Helen Eustis’s The Horizontal Man (1946) won an Edgar Award for best first novel and continues to fascinate as a singular mixture of detection, satire, and psychological portraiture. A poet on the faculty of an Ivy League school is found murdered, setting off ripple effects of anxiety, suspicion, and panic in the hot house atmosphere of an English department rife with talk of Freud and Kafka. This classic novel is one of eight works included in The Library of America's two-volume edition Women Crime Writers: Eight Suspense Novels of the 1940s & 50s, edited by Sarah Weinman.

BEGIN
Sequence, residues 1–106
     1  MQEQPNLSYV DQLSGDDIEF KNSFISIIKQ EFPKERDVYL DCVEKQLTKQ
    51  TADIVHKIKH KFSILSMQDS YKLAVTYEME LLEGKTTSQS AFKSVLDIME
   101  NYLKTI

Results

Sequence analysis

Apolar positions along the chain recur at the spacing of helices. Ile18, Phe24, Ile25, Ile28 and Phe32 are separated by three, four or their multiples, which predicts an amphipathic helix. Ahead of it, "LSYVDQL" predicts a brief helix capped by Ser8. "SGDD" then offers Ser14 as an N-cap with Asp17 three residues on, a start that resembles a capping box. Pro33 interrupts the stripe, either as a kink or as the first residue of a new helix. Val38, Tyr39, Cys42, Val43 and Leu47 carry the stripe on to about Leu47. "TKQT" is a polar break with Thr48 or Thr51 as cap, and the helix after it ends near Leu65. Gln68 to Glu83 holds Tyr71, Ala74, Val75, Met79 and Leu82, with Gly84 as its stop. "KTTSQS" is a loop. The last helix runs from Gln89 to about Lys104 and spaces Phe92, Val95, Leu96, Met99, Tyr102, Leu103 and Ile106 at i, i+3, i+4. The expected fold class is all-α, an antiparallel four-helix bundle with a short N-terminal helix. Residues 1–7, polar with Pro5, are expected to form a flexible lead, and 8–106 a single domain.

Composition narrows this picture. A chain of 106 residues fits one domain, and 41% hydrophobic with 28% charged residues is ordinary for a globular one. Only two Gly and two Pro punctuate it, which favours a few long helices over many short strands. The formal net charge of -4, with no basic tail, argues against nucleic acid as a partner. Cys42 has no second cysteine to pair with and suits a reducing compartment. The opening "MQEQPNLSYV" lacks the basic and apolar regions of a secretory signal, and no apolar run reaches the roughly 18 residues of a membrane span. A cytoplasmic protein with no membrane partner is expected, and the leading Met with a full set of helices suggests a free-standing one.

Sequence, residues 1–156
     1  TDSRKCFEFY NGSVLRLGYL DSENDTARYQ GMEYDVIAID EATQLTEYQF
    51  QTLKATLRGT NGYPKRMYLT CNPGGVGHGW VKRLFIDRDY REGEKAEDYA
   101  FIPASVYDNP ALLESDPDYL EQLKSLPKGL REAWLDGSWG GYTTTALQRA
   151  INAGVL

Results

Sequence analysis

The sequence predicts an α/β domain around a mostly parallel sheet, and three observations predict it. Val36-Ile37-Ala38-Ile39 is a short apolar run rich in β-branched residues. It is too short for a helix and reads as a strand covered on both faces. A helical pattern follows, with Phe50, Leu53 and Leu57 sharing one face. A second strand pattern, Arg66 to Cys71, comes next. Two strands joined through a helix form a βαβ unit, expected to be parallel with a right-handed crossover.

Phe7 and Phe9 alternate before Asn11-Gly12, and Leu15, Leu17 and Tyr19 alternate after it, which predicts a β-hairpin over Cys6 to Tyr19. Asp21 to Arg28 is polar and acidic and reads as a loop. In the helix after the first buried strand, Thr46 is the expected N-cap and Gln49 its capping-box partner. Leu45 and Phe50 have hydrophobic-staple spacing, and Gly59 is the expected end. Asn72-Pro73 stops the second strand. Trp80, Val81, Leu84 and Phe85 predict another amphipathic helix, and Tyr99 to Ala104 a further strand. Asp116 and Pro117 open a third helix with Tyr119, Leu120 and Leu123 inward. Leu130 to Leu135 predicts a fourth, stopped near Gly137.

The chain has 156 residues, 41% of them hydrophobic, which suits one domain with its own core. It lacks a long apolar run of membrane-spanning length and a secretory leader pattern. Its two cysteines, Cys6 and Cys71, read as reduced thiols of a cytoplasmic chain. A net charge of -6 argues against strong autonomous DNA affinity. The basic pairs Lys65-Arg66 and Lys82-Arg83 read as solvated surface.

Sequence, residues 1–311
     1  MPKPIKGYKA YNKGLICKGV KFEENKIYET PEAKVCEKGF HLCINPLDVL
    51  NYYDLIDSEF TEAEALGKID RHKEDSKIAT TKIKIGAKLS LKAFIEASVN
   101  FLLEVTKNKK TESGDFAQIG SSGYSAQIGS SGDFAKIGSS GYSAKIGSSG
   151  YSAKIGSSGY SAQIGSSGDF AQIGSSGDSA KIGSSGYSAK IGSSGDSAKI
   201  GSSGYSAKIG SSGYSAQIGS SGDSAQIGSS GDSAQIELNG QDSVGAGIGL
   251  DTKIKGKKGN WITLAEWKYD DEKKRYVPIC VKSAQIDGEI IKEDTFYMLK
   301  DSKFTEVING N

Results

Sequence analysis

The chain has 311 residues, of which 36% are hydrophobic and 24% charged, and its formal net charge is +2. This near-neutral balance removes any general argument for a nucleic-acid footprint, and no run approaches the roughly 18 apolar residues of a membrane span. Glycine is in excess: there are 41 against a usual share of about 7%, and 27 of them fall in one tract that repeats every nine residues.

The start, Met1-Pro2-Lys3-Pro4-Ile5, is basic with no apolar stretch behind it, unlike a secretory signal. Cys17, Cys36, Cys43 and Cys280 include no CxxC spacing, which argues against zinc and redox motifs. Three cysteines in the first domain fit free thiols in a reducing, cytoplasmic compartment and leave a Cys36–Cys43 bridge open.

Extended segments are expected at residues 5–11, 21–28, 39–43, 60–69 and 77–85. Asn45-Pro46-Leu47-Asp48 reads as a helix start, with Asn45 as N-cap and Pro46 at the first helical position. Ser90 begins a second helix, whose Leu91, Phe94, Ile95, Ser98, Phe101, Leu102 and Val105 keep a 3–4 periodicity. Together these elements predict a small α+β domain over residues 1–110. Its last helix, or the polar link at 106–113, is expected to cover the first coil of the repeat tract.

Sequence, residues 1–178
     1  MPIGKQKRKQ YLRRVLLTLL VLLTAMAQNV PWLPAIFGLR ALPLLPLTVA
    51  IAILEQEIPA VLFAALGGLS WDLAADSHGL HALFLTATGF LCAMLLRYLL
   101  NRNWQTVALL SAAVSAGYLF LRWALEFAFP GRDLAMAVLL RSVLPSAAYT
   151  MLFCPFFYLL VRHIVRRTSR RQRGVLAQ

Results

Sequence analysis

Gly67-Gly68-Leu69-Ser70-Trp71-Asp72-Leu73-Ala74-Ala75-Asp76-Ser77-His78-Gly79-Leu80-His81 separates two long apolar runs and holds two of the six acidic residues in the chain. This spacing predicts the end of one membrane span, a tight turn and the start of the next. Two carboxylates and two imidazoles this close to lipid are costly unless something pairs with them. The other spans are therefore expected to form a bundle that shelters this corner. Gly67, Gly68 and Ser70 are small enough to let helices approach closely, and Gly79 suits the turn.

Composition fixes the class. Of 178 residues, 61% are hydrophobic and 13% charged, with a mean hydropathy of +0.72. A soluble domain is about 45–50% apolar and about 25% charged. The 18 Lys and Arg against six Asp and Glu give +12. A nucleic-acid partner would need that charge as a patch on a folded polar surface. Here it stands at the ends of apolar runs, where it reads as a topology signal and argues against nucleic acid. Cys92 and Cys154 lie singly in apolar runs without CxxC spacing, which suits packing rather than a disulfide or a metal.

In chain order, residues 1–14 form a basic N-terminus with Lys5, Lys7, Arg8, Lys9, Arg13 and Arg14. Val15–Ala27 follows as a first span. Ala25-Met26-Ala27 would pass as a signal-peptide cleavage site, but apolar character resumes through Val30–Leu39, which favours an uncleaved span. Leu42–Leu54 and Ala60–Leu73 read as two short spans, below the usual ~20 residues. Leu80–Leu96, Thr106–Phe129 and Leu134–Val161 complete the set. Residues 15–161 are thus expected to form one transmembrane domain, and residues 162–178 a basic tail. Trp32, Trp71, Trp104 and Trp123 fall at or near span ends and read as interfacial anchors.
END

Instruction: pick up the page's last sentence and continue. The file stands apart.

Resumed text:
About the author
Helen Eustis (1916–2015) was the author of two novels: The Horizontal Man (1946), which won the Edgar Award for Best First Novel, and The Fool Killer (1954), which was adapted into a 1965 movie of the same name. She later translated works by French authors including Georges Simenon and Christiane Rochefort.
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